SEC Charges Former Senior Executive At Silicon Valley Company with Insider Trading
Litigation Release No. 24251 / August 30, 2018
Securities and Exchange Commission v. Amer Deeba, No. 3:18-cv-05346 (N.D. Cal. filed August 30, 2018)
The Securities and Exchange Commission today charged the former Chief Commercial Officer of Redwood City, Calif.-based Qualys, Inc., a cloud security and services company, with insider trading by tipping his brothers in advance of the company's announcement of poor financial results, thus helping them avoid losses of over half a million dollars.
According to the SEC's complaint, Amer Deeba gifted his two brothers Qualys shares in 2005. The SEC alleges that on April 7, 2015, Deeba learned that Qualys had missed its internal Q1 2015 sales forecast, which served as a basis for the revenue guidance the company provided to the market. According to the SEC, the next day, Deeba informed his two brothers about the miss and contacted his brothers' brokerage firm to coordinate the sale of all of his brothers' Qualys stock. When Qualys publicly announced its financial results, it reported that it had missed its previously-announced first-quarter revenue guidance and that it was revising its full-year 2015 revenue guidance downward. On the same day, Deeba sent a message to one of his brothers saying, "We announced the bad news today." The next day, Qualys's stock price dropped 25%. Although Deeba made no profits from his conduct, Deeba's brothers collectively avoided losses of $581,170 by selling their Qualys stock.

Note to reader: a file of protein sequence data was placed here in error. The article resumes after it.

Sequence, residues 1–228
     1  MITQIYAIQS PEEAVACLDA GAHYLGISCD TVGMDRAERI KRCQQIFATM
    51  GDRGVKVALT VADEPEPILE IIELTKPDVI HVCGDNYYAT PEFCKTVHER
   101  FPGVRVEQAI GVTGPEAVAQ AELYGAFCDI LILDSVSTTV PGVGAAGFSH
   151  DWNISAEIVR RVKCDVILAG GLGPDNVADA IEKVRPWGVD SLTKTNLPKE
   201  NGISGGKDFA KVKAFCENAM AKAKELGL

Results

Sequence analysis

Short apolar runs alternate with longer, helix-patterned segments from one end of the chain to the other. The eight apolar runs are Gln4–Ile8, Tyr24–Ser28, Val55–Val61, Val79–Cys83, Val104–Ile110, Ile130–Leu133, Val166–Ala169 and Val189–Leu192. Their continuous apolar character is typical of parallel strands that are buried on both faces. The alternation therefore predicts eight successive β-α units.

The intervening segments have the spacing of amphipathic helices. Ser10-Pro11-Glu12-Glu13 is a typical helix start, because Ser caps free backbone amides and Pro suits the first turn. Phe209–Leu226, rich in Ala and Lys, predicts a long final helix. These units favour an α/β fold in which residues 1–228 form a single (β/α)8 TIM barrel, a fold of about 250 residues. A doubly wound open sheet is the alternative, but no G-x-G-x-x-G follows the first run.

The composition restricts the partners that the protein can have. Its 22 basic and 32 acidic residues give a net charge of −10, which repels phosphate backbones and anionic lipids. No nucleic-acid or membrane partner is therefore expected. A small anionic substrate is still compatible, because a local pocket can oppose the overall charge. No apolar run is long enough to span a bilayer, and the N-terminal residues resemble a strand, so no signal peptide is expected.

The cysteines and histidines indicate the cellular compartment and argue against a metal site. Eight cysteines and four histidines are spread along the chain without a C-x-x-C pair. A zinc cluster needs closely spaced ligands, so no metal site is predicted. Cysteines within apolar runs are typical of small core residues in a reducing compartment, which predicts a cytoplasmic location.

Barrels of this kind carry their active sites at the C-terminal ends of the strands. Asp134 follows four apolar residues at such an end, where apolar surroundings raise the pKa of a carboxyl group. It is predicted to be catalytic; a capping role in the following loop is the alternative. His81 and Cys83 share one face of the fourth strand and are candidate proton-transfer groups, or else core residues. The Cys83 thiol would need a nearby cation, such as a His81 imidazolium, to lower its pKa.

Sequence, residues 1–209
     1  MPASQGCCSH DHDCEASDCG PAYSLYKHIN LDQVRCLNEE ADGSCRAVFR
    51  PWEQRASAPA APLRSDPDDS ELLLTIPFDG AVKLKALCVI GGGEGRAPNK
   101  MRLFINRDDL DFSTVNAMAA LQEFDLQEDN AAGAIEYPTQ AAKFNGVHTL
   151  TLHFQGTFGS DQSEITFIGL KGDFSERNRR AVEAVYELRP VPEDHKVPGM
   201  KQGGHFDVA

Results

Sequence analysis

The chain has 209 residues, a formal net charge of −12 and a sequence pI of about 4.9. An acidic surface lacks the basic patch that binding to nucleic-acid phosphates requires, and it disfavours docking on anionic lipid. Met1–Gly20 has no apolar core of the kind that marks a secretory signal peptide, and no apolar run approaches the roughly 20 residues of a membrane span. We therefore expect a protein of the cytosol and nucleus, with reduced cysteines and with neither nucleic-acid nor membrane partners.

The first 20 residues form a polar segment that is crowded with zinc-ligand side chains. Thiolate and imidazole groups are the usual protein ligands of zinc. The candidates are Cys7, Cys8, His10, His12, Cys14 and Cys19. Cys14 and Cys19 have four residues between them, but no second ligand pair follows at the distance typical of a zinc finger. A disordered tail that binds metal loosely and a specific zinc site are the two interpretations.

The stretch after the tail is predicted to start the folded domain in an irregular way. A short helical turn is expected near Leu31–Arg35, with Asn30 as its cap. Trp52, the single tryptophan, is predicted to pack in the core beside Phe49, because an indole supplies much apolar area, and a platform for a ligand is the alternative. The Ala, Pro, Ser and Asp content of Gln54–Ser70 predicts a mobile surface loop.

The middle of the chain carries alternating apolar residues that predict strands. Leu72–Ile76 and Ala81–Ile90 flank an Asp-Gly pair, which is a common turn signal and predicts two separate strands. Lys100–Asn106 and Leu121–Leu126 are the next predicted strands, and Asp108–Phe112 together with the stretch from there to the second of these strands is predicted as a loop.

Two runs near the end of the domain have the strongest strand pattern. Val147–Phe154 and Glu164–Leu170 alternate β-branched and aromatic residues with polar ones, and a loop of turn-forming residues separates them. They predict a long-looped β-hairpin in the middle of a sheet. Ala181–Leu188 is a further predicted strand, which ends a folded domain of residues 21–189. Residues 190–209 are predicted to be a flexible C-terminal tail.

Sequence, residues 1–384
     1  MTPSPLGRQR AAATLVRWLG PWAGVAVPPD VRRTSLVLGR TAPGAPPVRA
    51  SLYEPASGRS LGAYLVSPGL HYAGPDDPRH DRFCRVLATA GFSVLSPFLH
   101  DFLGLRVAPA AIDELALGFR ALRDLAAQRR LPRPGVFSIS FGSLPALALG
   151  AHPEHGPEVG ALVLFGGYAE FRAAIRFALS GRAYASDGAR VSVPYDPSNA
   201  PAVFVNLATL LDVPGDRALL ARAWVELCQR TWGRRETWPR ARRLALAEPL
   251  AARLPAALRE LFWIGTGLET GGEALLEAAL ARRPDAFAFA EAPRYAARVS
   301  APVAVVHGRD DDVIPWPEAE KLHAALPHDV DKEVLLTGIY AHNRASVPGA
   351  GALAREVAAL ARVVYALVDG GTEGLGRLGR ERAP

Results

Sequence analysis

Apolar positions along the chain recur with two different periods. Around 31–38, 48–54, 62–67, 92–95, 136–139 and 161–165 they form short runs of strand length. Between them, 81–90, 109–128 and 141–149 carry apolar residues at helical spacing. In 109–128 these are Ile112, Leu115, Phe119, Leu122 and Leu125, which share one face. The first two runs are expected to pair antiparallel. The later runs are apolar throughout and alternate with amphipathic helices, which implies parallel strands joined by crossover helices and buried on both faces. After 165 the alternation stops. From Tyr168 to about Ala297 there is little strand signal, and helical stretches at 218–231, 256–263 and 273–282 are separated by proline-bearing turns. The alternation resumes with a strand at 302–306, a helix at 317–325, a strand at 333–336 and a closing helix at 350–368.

After seventeen years at Qualys, Deeba resigned his position as a senior leader and officer of Qualys on August 2, 2018. Under the terms of his settlement, which is subject to court approval, he will be barred from serving as an officer or director of any SEC-reporting company for two years and he will pay a $581,170 penalty.
To settle the SEC's charges, without admitting or denying the allegations, Deeba has also agreed to the entry of a final judgment permanently enjoining him from future violations of Section 10(b) of the Securities Exchange Act of 1934 and Rule 10b-5 thereunder.
The SEC's investigation was conducted by Matthew G. Meyerhofer and supervised by Tracy L. Davis of the San Francisco office. The SEC appreciates the assistance of the Financial Industry Regulatory Authority.